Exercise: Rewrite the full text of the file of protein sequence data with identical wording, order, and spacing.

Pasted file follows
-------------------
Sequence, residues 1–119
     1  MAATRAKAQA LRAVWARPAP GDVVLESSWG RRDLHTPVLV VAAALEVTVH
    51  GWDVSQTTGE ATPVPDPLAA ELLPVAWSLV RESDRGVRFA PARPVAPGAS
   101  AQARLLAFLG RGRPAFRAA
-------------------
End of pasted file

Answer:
Sequence, residues 1–119
     1  MAATRAKAQA LRAVWARPAP GDVVLESSWG RRDLHTPVLV VAAALEVTVH
    51  GWDVSQTTGE ATPVPDPLAA ELLPVAWSLV RESDRGVRFA PARPVAPGAS
   101  AQARLLAFLG RGRPAFRAA